US Secretary of State Rex Tillerson has twice sought out Foreign Minister Winston Peters to discuss a mystery project about the Asia-Pacific region, expected to be announced soon.

The mystery prompted speculation that the special project involved North Korea, which Peters visited during his last stint as Foreign Minister and has spoken about since, saying he did not believe it was a hopeless cause.

However, the Herald understands it does not relate to North Korea.

Peters has met with US Secretary of State Rex Tillerson twice in recent days on the sidelines of the East Asia Summit in Manila, but early this morning would not be drawn on the details.

"I can't tell you about the details of it," Peters said after the meeting.


"It's to do with this region and initiatives coming in the future but it would be remiss of me - the Prime Minister has been fully informed of it - to divulge what it was about until we know."

A tweet by US President Donald Trump is fuelling speculation that the meeting had something to do with a major forthcoming announcement. Before boarding Air Force One back to the US, Trump tweeted: "I will be making a major statement from the @WhiteHouse upon my return to D.C. Time and date to be set."

Tillerson called Peters to request the first meeting, and they held a second one yesterday.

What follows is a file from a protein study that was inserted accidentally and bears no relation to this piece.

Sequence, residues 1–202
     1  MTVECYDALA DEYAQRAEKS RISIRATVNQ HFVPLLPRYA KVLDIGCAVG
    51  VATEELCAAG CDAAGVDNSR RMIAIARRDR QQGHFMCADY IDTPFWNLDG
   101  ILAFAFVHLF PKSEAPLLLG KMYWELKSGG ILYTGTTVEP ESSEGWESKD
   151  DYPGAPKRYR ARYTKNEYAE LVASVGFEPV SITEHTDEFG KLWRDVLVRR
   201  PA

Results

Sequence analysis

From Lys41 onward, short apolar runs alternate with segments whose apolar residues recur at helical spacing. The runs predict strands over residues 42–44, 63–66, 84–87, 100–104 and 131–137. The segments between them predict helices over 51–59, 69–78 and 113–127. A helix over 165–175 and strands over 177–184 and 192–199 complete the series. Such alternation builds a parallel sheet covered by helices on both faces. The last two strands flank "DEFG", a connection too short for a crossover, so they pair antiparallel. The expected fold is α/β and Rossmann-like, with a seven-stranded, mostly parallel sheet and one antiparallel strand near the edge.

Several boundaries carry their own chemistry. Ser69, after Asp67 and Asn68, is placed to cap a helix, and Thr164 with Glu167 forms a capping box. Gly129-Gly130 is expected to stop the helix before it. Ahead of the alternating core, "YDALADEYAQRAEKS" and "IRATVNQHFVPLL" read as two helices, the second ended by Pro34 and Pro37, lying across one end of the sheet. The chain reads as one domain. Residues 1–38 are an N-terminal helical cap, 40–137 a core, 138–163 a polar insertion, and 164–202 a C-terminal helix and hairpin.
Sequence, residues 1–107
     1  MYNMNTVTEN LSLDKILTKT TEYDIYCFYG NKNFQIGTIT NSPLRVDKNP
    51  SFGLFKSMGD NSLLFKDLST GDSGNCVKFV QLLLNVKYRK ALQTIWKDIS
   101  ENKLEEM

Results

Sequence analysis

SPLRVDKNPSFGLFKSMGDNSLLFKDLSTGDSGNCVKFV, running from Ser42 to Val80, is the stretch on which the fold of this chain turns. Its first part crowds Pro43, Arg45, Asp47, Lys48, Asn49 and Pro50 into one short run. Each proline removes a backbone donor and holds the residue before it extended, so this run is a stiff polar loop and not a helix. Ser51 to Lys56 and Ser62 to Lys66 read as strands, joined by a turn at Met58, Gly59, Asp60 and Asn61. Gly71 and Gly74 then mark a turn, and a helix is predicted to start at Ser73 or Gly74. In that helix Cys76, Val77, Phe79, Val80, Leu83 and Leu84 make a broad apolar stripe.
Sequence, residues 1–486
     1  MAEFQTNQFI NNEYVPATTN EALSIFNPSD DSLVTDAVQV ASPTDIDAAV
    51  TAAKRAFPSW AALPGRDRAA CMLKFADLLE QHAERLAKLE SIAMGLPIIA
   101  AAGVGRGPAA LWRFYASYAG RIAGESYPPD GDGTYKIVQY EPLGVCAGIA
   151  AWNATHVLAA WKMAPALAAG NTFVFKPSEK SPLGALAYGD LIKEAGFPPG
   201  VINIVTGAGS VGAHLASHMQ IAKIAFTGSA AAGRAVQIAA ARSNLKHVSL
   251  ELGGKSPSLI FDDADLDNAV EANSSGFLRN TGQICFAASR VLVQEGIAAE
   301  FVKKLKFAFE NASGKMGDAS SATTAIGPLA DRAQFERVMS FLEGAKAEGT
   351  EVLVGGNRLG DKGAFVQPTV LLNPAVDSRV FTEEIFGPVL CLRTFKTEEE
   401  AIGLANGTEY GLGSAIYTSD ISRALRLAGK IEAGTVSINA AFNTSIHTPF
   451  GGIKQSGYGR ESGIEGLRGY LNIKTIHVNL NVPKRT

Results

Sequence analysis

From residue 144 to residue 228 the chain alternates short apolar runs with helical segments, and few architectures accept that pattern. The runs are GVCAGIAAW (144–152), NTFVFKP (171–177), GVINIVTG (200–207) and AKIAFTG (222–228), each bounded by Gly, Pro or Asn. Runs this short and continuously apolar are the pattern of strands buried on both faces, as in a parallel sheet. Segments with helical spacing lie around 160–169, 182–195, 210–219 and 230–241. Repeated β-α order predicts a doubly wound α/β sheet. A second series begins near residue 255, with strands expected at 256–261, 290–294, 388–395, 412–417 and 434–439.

Prime Minister Jacinda Ardern was equally reluctant to talk about the meeting.

"One would be unwise to predict the nature of any of President Trump's tweets," she said.

Tillerson and Peters were seated next to each other at a gala dinner earlier this week, and later chatted over a glass of New Zealand sauvignon blanc.

In his first press conference as Foreign Minister this month, Peters said: "We do not think that North Korea is an utterly hopeless case.

"We do not think for example that China is the reason why. We need to better understand that region and make our contribution. Albeit as a small country, but as an informed one."

Peters visited North Korea in 2007 during his last stint as Foreign Minister. He was part of a group trying to persuade the country to abandon its nuclear development programme in exchange for substantial economic development aid.

"We didn't succeed, but it was worth trying. We did though funnily enough get some success and ensured that 97,000 birds that transit North Korea to New Zealand - to Miranda - continue to get safe harbour because of those efforts. It was an unusual outcome, but maybe we can shoot higher this time and might possibly be successful."